Proceedings of the National Academy of Sciences of the United States of America

About the PNAS Member Editor
Name Luo, Liqun
Location Stanford University
Primary Field Cellular and Molecular Neuroscience
Secondary Field Systems Neuroscience
 Election Citation
Luo created genetic tools in flies and mice that allow visualization and genetic manipulation of individual neurons in developing and adult neural circuits. Using these tools and largely focusing on the olfactory system, Luo discovered general principles guiding the establishment and organization of sensory maps in the brain.
 Research Interests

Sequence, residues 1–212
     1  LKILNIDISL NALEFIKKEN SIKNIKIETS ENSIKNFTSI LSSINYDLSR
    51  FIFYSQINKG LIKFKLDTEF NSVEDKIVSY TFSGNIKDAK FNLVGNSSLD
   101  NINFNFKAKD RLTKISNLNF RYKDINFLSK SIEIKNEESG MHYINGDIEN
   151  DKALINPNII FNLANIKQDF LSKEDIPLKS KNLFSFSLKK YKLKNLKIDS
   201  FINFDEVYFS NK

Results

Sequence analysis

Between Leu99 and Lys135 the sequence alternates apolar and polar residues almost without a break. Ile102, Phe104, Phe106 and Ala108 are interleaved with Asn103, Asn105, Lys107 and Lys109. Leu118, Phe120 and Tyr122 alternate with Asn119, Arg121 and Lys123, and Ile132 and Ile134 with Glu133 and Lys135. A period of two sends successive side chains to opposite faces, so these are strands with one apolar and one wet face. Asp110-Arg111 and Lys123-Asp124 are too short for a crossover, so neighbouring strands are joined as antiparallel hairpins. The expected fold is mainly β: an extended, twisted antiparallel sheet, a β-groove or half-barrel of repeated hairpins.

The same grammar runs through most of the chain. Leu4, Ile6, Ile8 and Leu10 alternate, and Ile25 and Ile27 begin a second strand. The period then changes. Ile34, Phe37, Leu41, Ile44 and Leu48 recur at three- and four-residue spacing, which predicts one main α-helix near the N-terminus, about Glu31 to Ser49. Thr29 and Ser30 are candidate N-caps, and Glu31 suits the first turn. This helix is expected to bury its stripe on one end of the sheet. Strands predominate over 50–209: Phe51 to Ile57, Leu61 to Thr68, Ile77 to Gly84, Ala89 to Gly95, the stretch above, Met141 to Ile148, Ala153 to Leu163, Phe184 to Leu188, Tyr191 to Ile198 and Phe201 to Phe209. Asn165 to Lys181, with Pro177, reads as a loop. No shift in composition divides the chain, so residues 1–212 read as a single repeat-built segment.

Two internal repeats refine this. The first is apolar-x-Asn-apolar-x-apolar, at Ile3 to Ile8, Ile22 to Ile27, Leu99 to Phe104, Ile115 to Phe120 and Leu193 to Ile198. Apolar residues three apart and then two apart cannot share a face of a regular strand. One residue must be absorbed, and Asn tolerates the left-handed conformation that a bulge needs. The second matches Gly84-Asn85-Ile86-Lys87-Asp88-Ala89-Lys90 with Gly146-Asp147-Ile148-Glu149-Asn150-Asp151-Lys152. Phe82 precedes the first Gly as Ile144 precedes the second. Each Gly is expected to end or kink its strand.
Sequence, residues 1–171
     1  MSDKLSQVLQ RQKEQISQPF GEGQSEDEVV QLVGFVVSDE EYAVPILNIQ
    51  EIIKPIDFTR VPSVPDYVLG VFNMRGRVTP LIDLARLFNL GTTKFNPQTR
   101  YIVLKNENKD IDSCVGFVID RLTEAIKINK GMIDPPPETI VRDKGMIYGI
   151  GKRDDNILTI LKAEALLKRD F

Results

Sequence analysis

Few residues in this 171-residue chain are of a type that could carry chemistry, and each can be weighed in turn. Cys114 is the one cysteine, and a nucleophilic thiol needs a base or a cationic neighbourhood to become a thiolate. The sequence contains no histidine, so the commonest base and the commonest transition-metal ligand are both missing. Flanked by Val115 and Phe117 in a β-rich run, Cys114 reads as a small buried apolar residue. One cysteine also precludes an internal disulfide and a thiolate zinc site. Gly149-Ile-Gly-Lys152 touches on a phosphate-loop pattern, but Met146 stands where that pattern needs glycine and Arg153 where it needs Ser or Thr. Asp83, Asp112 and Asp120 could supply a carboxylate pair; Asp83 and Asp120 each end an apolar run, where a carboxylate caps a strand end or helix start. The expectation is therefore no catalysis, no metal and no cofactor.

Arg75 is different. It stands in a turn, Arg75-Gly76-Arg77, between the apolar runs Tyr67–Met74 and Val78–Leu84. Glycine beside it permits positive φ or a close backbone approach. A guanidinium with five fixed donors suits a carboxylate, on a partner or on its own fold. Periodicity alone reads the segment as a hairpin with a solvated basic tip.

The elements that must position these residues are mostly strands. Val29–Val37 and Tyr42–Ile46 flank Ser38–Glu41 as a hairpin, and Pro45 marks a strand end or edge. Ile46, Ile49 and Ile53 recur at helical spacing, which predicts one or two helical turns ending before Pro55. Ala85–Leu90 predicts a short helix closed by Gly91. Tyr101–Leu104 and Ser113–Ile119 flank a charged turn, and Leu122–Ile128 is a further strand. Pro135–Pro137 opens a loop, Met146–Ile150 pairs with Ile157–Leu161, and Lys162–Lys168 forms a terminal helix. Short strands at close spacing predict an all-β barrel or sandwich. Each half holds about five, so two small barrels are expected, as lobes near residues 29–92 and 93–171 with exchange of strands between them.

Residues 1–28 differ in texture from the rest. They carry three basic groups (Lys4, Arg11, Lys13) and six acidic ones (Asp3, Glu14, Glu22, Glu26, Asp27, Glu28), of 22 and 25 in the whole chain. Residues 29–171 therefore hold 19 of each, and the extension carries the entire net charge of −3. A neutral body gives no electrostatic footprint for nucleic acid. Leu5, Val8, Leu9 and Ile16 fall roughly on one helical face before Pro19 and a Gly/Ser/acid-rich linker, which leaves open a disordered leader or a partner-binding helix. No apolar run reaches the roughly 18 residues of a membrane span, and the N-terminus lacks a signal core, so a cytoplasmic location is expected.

The human brain contains ~ 1011 neurons, each making >103 synapses with other neurons on average. These 1014 synaptic connections enable us to sense, think, remember, and act. How is this vast number of neurons organized into circuits to process information? How are these circuits correctly assembled during development? Dr. Luo uses model neural circuits in the less numerically complex brains of the fruit fly (~105 neurons) and mouse (~108 neurons) and combine state-of-the-art molecular genetic and viral techniques with physiological and behavioral approaches to investigate these questions. Over the past two decades, Dr. Luo and his colleagues have developed genetic tools to label and genetically manipulate individual or groups of neurons in flies and mice, which have facilitated our interrogation of mechanisms of neuronal morphogenesis, axon pruning, and wiring specificity of neural circuits during development. More recently, they have investigated anatomical organization and functional properties of neural circuits in adult animals. Specific projects Dr. Luo and his students and postdocs are currently pursuing include: (1) assembly of the fly olfactory circuit; (2) genetic analysis of neural development in the mouse; (3) organization and function of neural circuits in the mouse; (4) development of tools to probe neural circuit assembly and function.

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